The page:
– Caleb
    May 11, 2011 at 17:54


This guy saved my job! (You need to access somehow)


1) To reset uids and gids on files and directories :

for u in $(rpm -qa); do rpm --setugids $u; done

2) To permissions on files and directories

for p in $(rpm -qa); do rpm --setperms $p; done

then change manually permisions to these files:

# ll /etc/ssh/
# chmod 600 /etc/ssh/ssh_host_rsa_key
# chmod 600 /etc/ssh/ssh_host_dsa_key
# service sshd restart

Some security-conscious programs will not start if certain files have too "loose" of permissions. As @ceving said, sshd is the most typical of this.

The main thing that can go wrong is now any user can open, read, and write any file on your system. The two reasons why this are bad is: A) if a malicious user gains control of your system either through a an exploit or misconfiguration, he/she can modify anything on your system now, and B) you can delete anything you want even if you are not root, so you've just negated most of the protections of not running as root.

If you didn't back up the permissions beforehand you're in a bit of situation. You might be able to create a script that "fetches" a list of permissions from a freshly installed system and then "apply" those to everything on your system. I don't have such a script handy, though.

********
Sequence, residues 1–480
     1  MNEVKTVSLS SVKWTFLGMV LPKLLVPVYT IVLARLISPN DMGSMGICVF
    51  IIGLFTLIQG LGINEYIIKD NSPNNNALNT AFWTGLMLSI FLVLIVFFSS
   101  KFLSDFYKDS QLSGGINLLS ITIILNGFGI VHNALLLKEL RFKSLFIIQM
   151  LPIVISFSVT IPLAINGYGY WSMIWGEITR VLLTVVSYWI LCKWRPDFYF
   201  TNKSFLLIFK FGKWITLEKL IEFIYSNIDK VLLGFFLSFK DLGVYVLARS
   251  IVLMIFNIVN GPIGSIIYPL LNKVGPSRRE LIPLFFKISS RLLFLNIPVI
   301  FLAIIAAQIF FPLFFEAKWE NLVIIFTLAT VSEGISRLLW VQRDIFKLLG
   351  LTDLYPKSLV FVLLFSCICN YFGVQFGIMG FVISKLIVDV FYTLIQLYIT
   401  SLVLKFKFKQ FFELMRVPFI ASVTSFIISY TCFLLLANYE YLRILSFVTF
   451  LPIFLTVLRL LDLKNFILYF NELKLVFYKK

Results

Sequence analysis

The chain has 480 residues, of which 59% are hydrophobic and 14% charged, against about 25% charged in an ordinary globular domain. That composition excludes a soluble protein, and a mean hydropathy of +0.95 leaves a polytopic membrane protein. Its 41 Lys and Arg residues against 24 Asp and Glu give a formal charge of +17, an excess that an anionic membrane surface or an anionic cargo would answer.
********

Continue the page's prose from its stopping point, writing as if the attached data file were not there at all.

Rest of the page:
• But, aside from security, what can go wrong in terms of applications? Will they cease to work? Or security is the biggest concern here?
    – Vinnycx
    May 11, 2011 at 15:31
  • Just the couple of applications that refuse to start if permissions are too loose. Security is the biggest concern. But it's also system stability. If you do a rm -rf / as your normal user now you'll grind your system to a halt.
    – LawrenceC
    May 11, 2011 at 15:32
  • Which applications may cease to work?
    – Vinnycx
    May 11, 2011 at 15:37
  • Aside from SSH? What else may fail? I need to now if i can leave the system like this for a while.
    – Vinnycx
    May 11, 2011 at 15:47
  • 6
    @Vinnycx: No you can't. It's broken. You should make it a priority to fix it. Otherwise expect your services to fail you one by one and hackers to eat your data. Leaving /*@777 is not an option.
    – Caleb
    May 11, 2011 at 17:52